Horizon Forbidden West's relationship with Horizon Zero Dawn is an odd one. It starts off as if it might be a pretty straight-forward sequel – in the first few hours, you meet a lot of characters from Zero Dawn's final battle (good luck remembering them) and see a message from Sylens. However, this is the last time you'll see the Zero Dawn characters you're reuniting with, while Sylens appears for a single two-minute scene in the middle of the game, and then returns once the game's story is over for another fleeting scene. You even meet Erend in the first major town, but after a short mission he's sent to the hub and has minimal interactions with Aloy throughout. When all's said and done, it's not really a sequel to Zero Dawn so much as it is a new game with Aloy in it. The only thing that ties things together in a meaningful way is Rost.
Major spoilers for Horizon Forbidden West follow
This willingness to move on from Zero Dawn so readily is one of Forbidden West's biggest missteps. From a gameplay perspective, the new map is welcome and every single one of the new machines hit the mark, but the story in Zero Dawn had huge, world ending implications, and a follow-up might have been better served by exploring the smaller details, the inherent conflicts and contrasts that come with Aloy's position as an outcast, and how her exploits have changed her role within the Nora, as well as the fallout for the cities like Meridian. Instead, we pack our bags for the Forbidden West and never have to worry about that.
We're too busy saving the world to ever allow Aloy a moment to introspect her own existence, her own place in the world, either as the destined savoir or as a living, breathing human being in the here and now. The game is far too willing to forget Zero Dawn existed except for the very ending, which is used as the loose set-up to Sylens and her journey to the Forbidden West. A few characters return – the nobodies in the opening exchange, Erend, the ever-glorious Talanah, and a few other surprises – but as far as Aloy is concerned, this is an entirely new story, and that means any smaller details from Zero Dawn, any ramifications for her as person (as opposed to ramifications for the fate of the world) are ignored.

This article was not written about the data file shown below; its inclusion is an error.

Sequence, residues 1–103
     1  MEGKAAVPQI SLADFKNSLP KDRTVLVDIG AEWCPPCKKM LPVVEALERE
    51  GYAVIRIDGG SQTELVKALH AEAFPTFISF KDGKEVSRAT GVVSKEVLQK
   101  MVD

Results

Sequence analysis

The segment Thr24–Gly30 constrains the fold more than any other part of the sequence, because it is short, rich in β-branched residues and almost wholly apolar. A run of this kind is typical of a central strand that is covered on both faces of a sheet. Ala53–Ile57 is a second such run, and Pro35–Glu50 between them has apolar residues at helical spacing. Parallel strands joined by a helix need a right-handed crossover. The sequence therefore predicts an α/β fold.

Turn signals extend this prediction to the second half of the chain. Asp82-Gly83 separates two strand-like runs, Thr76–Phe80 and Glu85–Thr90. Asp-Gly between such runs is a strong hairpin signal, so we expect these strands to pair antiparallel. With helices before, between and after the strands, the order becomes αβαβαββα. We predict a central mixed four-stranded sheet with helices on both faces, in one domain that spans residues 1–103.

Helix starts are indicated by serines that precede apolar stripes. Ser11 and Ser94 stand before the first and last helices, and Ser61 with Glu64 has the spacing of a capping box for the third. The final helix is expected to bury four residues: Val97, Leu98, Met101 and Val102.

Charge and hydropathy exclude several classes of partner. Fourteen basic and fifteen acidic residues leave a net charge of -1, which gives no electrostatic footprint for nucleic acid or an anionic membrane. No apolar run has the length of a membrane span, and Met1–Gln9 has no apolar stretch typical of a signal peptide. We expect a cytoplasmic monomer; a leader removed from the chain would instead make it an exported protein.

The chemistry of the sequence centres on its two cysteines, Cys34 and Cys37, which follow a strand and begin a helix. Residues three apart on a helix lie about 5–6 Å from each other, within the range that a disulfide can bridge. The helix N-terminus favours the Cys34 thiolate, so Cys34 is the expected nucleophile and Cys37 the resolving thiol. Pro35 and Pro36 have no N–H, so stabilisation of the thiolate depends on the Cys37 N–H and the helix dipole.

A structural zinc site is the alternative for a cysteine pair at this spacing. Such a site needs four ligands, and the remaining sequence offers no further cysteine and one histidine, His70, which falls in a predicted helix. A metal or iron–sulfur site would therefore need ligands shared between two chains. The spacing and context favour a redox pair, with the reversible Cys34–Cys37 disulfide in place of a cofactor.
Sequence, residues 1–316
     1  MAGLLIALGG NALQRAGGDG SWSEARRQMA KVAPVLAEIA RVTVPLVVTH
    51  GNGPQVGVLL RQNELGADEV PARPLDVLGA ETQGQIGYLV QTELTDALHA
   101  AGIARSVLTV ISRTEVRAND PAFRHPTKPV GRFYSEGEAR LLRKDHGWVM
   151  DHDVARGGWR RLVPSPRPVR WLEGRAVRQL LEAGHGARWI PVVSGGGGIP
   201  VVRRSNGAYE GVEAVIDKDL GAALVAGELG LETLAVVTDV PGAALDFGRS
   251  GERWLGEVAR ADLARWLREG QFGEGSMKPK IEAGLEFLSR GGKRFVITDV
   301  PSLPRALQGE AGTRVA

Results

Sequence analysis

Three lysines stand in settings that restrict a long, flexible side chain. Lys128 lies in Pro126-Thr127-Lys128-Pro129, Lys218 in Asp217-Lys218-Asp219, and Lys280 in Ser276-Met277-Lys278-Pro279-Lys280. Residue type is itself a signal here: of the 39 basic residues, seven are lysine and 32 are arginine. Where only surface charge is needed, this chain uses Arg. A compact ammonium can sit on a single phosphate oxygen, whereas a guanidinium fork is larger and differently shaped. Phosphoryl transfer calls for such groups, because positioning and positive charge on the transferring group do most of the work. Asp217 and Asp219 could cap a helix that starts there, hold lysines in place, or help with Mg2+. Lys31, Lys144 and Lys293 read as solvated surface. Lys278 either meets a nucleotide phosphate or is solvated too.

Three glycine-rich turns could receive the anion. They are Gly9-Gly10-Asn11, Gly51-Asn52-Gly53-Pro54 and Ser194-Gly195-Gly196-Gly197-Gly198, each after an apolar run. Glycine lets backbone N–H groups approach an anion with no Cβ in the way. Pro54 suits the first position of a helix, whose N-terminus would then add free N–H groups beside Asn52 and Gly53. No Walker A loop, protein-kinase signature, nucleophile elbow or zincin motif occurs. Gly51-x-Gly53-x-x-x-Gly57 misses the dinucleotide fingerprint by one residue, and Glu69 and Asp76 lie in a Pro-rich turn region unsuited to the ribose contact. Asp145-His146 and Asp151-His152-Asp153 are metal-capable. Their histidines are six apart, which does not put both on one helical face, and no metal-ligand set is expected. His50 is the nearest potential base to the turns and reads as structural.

Final warning for spoilers
The one way this humanity shines through is via Beta, our second Aloy. She is an exact clone of Aloy, and yet is nothing like Aloy. Beta is clearly this game's ace in the hole, and the most fascinating story development, but we only get a few short scenes with her. Mostly she's there to prop up an increasingly ridiculous plot, which is extremely frustrating. In those fleeting moments though, Aloy and Beta together make a fantastic pair. It's a great philosophical examination of nature versus nurture, but it only ever digs into this dichotomy in a single moment – and that moment happens through Rost.
After waking Beta, Aloy grows increasingly frustrated with Beta's lack of courage, lack of desire to fight – lack of all the things Aloy has in spades. Beta, meanwhile, becomes fearful and self-loathing. She too sees that she is less a copy of Aloy and more a tracing paper outline. They look the same, but they are not the same. "Why can't I be like you?" she screams, and Aloy shows her a hologram of Rost.
Aloy always carries this with her, like a more technologically advanced picture in a heart-shaped locket, cementing how much he means to her. Rost, Aloy tells Beta, is the difference. Beta is Aloy without Rost. He raised Aloy, taught her not just to hunt but how to define herself, how to understand what it meant to be an outcast, and how to overcome it. I'm able to deflect most of Sony's big blockbuster emotional gut-punches, but Rost's sacrifice in Zero Dawn has always stuck with me.
That's why it was so disappointing to see Forbidden West leave the smaller stories of Zero Dawn behind, and why it was so heartening to see Rost return. So many elements of the first game were cast aside here, but right when it mattered, Forbidden West acknowledged that it's the smallest details that make Aloy whole. It's Rost, more than the machines, more than Sylens, more than her fighting, perhaps even more than Elisabet Sobek, that makes Aloy Aloy.
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